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Publication numberUS8111636 B2
Publication typeGrant
Application numberUS 12/647,483
Publication dateFeb 7, 2012
Filing dateDec 26, 2009
Priority dateFeb 2, 2005
Also published asUS7664058, US20100097961
Publication number12647483, 647483, US 8111636 B2, US 8111636B2, US-B2-8111636, US8111636 B2, US8111636B2
InventorsKarrie Hanson, Gerald Karam
Original AssigneeAt&T Intellectual Property Ii, L.P.
Export CitationBiBTeX, EndNote, RefMan
External Links: USPTO, USPTO Assignment, Espacenet
Method and apparatus for providing spontaneous multi-way telephone conversation with inserted messaging
US 8111636 B2
Abstract
The present invention provides a method for simultaneously broadcasting a message to a plurality of end-point devices. More specifically, the present invention receives a request to initiate a teleconference from a subscriber. The plurality of end-point devices is then invited to join the teleconference.
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Claims(20)
1. A method for simultaneously broadcasting a message to a plurality of endpoint devices, comprising:
receiving a request to initiate a teleconference from a subscriber; and
inviting the plurality of endpoint devices to join the teleconference by simultaneously placing a telephone call containing a message recorded by the subscriber to each of the plurality of endpoint devices.
2. The method of claim 1, wherein the inviting further comprises providing a plurality of options to a user of one of the endpoint devices.
3. The method of claim 2, wherein one of the options allows the user to immediately join the conference.
4. The method of claim 1, wherein a conference bridge is established when more than one of the endpoint devices elects to join the teleconference.
5. The method of claim 1, wherein the inviting further comprises leaving a message on a voice mail system of one of the endpoint devices when a user of the endpoint device fails to answer the telephone call.
6. The method of claim 1, wherein when only one of the endpoint devices elects to join the teleconference a point-to-point call is established between the subscriber and the endpoint device.
7. The method of claim 1, wherein the request is a recorded audio message.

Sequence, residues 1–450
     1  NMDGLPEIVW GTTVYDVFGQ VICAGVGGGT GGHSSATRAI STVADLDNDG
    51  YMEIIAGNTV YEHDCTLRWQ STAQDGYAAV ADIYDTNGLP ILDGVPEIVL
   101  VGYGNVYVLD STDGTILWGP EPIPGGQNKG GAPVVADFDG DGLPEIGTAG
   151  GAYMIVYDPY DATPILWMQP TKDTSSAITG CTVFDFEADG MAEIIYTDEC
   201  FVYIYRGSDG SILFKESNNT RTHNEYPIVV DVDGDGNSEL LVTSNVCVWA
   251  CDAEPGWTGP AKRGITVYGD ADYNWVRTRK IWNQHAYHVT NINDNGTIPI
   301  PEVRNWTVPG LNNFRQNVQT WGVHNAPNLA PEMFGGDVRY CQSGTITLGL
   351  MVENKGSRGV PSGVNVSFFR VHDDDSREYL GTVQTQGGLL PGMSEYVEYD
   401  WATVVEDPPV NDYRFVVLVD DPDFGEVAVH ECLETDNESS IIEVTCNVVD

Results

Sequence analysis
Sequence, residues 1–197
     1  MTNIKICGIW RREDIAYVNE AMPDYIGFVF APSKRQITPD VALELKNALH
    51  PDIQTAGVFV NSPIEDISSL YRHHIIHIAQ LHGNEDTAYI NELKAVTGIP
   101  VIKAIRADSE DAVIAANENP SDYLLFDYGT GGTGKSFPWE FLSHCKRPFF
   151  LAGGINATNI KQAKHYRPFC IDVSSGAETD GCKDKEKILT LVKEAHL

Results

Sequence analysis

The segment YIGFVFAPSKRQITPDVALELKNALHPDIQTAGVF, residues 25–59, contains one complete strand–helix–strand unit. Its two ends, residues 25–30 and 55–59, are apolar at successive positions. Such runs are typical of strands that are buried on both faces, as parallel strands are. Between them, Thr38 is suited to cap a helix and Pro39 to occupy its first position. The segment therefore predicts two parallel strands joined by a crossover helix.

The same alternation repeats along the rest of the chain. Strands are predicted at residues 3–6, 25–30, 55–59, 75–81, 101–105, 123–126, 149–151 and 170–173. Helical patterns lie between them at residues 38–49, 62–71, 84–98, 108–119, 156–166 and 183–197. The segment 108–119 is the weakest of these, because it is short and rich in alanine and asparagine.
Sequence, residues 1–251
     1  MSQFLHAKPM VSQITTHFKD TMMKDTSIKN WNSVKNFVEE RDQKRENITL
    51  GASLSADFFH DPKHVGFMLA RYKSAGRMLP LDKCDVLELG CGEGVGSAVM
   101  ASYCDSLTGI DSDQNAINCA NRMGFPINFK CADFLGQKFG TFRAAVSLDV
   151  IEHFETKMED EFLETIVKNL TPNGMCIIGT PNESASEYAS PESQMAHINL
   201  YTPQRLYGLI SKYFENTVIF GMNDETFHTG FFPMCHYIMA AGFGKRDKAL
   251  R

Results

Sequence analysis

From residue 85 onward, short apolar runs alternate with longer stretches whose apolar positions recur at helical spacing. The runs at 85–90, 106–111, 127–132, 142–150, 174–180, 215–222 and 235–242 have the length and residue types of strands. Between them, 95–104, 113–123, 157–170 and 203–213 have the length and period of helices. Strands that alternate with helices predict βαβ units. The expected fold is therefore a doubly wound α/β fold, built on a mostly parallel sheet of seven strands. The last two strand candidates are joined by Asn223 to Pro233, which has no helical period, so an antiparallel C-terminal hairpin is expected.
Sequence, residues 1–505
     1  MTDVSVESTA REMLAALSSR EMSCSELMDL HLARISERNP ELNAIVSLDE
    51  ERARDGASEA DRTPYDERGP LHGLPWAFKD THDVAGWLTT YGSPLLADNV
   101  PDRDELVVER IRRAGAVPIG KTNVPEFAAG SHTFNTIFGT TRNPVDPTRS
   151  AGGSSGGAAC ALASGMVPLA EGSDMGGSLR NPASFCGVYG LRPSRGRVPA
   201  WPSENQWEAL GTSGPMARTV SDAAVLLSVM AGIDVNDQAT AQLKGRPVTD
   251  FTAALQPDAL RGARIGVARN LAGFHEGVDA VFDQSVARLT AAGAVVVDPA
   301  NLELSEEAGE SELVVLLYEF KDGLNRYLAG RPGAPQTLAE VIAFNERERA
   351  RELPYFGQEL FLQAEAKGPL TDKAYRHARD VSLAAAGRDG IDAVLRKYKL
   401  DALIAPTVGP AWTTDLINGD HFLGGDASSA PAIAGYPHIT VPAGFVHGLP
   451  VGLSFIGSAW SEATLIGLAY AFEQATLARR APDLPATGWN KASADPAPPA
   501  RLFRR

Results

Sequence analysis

8. An apparatus for simultaneously broadcasting a message to a plurality of endpoint devices, comprising:
a processor configured to:
receive a request to initiate a teleconference from a subscriber; and
invite the plurality of endpoint devices to join the teleconference by simultaneously placing a telephone call containing a message recorded by the subscriber to each of the plurality of endpoint devices.
9. The apparatus of claim 8, wherein the processor is further configured to invite the plurality of endpoint devices to join the teleconference by providing a plurality of options to a user of one of the endpoint devices.
10. The apparatus of claim 9, wherein one of the options allows the user to immediately join the conference.
11. The apparatus of claim 8, wherein the processor is further configured to establish a conference bridge when more than one of the endpoint devices elects to join the teleconference.
12. The apparatus of claim 8, wherein the processor is further configured to invite the plurality of endpoint devices to join the teleconference by leaving a message on a voice mail system of one of the endpoint devices when a user of the endpoint device fails to answer the telephone call.
13. The apparatus of claim 8, wherein when only one of the endpoint devices elects to join the teleconference a point-to-point call is established between the subscriber and the endpoint device.
14. A non-transitory computer-readable medium having stored thereon a plurality of instructions, the plurality of instructions including instructions which, when executed by a processor, cause the processor to perform a method for simultaneously broadcasting a message to a plurality of endpoint devices, comprising:
receiving a request to initiate a teleconference from a subscriber; and
inviting the plurality of endpoint devices to join the teleconference by simultaneously placing a telephone call containing a message recorded by the subscriber to each of the plurality of endpoint devices.